Lockjaw

opisthotonus_in_a_patient_suffering_from_tetanus_-_painting_by_sir_charles_bell_-_1809

Tetanus, also known as lockjaw, is an infection characterized by muscle spasms. In the most common type, the spasms begin in the jaw and then progress to the rest of the body. These spasms usually last a few minutes each time and occur frequently for three to four weeks. Spasms may be so severe that bone fractures may occur. Other symptoms may include fever, sweating, headache, trouble swallowing, high blood pressure, and a fast heart rate. Onset of symptoms is typically three to twenty-one days following infection. It may take months to recover. About 10% of those infected die.

Tetanus often begins with mild spasms in the jaw muscles—also known as lockjaw or trismus. The spasms can also affect the facial muscles resulting in an appearance called risus sardonicus. Chest, neck, back, abdominal muscles, and buttocks may be affected. Back muscle spasms often cause arching, called opisthotonos. Sometimes the spasms affect muscles that help with breathing, which can lead to breathing problems.

Prolonged muscular action causes sudden, powerful, and painful contractions of muscle groups, which is called “tetany”. These episodes can cause fractures and muscle tears. Other symptoms include drooling, excessive sweating, fever, hand or foot spasms, irritability, difficulty swallowing, suffocation, heart attack, breathing problems, irregular heartbeat, and uncontrolled urination or defecation.

Severe cases will require admission to intensive care. Human tetanus immunoglobulin injected intrathecally. Tracheotomy and mechanical ventilation for 3 to 4 weeks. Tracheotomy is recommended for securing the airway because the presence of an endotracheal tube is a stimulus for spasm. Magnesium as an intravenous infusion to prevent muscle spasm, Diazepam as a continuous IV infusion, The autonomic effects of tetanus can be difficult to manage (alternating hyper- and hypotension hyperpyrexia/hypothermia) and may require IV labetalol, magnesium, clonidine, or nifedipine. Drugs such as diazepam or other muscle relaxants can be given to control the muscle spasms. In extreme cases it may be necessary to paralyze the patient with curare-like drugs and use a mechanical ventilator.

The Right to be Lazy

A strange delusion possesses the working classes of the nations where capitalist civilization holds its sway. This delusion drags in its train the individual and social woes which for two centuries have tortured sad humanity. This delusion is the love of work, the furious passion for work, pushed even to the exhaustion of the vital force of the individual and his progeny. Instead of opposing this mental aberration, the priests, the economists and the moralists have cast a sacred halo over work. Blind and finite men, they have wished to be wiser than their God; weak and contemptible men, they have presumed to rehabilitate what their God had cursed.

The Right to be Lazy by Paul Lafargue

Avoiding Small Talk

Laudator Temporis Acti — ”Thus a small badge saying ‘Please talk to me about Salvation’ usually had the effect of ensuring a peaceful time at any party, leaving one untroubled by other guests coming up to engage one in unwanted conversation. Similarly a badge saying “No longer infectious” could usually be calculated to ensure physical space, another commodity in short supply at the more popular cocktail parties.” Alexander McCall Smith, Corduroy Mansions.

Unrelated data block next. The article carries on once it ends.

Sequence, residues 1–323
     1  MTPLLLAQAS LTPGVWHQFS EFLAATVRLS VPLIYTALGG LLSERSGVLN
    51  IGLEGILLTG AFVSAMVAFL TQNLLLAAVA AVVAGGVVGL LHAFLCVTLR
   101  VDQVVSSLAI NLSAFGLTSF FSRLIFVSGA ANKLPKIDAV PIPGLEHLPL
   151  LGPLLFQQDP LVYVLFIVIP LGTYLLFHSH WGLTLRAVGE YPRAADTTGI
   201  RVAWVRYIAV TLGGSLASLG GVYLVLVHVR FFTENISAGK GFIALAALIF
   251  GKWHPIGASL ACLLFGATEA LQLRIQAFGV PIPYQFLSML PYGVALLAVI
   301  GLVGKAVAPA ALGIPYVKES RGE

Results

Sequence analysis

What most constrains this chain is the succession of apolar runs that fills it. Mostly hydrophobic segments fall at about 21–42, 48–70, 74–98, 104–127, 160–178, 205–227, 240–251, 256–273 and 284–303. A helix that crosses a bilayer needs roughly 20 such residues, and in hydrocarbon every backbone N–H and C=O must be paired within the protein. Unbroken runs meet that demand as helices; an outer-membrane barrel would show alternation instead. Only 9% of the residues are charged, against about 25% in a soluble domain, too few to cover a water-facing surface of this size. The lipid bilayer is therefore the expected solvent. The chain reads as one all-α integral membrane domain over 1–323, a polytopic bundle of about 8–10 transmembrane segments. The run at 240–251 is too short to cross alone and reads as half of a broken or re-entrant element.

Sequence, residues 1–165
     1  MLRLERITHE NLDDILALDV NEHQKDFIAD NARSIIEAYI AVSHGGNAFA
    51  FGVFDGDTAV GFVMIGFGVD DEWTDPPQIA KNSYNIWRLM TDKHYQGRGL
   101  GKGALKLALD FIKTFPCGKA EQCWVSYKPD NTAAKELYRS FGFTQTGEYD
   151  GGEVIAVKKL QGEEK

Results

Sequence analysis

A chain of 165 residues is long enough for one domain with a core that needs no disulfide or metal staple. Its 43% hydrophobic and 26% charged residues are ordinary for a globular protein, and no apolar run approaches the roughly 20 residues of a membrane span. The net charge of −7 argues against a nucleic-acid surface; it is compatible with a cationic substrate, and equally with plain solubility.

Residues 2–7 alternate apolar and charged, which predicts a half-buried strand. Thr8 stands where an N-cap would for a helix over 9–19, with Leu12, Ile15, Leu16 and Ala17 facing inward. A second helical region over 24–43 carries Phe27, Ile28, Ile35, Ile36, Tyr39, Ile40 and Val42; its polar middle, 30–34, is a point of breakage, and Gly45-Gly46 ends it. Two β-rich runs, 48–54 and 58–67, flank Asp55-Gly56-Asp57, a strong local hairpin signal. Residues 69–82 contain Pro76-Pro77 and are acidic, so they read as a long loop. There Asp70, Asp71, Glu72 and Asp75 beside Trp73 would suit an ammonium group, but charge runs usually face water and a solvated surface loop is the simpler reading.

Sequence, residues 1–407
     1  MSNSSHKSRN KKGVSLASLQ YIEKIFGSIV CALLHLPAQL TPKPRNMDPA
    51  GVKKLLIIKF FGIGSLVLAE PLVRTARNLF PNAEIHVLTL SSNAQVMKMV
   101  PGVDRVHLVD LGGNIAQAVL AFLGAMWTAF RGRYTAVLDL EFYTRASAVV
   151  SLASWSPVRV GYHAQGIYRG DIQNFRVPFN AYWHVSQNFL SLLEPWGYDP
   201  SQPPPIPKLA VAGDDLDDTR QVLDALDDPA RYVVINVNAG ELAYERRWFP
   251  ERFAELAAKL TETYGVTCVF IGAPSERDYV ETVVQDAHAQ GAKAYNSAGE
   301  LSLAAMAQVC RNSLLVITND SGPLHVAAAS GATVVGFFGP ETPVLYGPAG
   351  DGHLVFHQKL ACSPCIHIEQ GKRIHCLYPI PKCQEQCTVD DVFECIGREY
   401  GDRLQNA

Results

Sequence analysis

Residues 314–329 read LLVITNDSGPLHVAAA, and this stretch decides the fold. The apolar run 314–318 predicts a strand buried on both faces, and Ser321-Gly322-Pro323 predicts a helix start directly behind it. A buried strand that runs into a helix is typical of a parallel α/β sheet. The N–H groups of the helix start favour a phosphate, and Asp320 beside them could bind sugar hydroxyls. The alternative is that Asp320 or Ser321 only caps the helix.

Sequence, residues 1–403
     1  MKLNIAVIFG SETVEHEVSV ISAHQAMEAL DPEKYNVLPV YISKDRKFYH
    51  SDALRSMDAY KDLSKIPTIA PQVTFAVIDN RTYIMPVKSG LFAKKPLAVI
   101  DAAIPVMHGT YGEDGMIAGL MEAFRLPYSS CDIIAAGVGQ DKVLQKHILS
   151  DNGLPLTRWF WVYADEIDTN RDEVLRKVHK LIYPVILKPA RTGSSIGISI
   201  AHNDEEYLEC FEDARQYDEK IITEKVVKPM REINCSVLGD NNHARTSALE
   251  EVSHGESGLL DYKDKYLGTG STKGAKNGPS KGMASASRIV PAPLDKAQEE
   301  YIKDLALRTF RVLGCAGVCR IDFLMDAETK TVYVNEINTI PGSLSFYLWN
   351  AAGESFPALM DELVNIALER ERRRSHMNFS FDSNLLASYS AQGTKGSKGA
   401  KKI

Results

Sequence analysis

Chaga renaissance

A post from Waldenlabs on the chaga mushroom (Inonotus obliquus; Báhkkečátná in Sami language),which grows on birch trees. It has become a trendy ‘superfood’ in recent years, marketed as a mystical Siberian tonic for many ailments. Yet it has also been used as a traditional medicine for thousands of years in Sápmi, the territory of the indigenous Sami people in northern Scandinavia, as well as in other regions of the sub-Arc

Using Tree Bark Flours in Cooking

post from Waldenlabs explores the Scandinavian traditions of using tree bark flours in cooking—in particular the use of birch and pine barks in the cuisines of indigenous Sami culture.

Birch flour does not contain the gluten proteins typically required to give bread structure and cohesion, and for this reason it is rarely used alone in baking. More often it is mixed with wheat or rye flour to make the dough more cohesive, and to smooth its bitter taste. Bread using birch bark flour, for example, has been made in Sweden and Finland for centuries.

The eating of pine tree bark in the Nordic regions has commonly been regarded as a famine activity.

Private service

I took off my wrist radio for a private service.

When you’re doling out your accolades, don’t short circuit yourself.
Don’t disabuse yourself of your morning constitutional and its bill of rights. The mighty tie up the courts in their don knots, spreading largess among the lawyers. The meek scurry at a shadow in the sky.

At which we all double-crossed ourselves, and checked our messages.

Urinings for Three Cocks

They can tell a lot about you by your urinings beyond your kidneys. Like when the next to the last supper was set at the periodic table. Like when you were pissing silver, and Saint Peter had his three cocks in his hand.

Birds bosun’s band badge

The birds sing in the moonlight,
the router bubbles on all cylinders.
I pour another shot of rot gut
and climb into the bosun’s chair.
The girls in the band all had their meatpacker’s badge.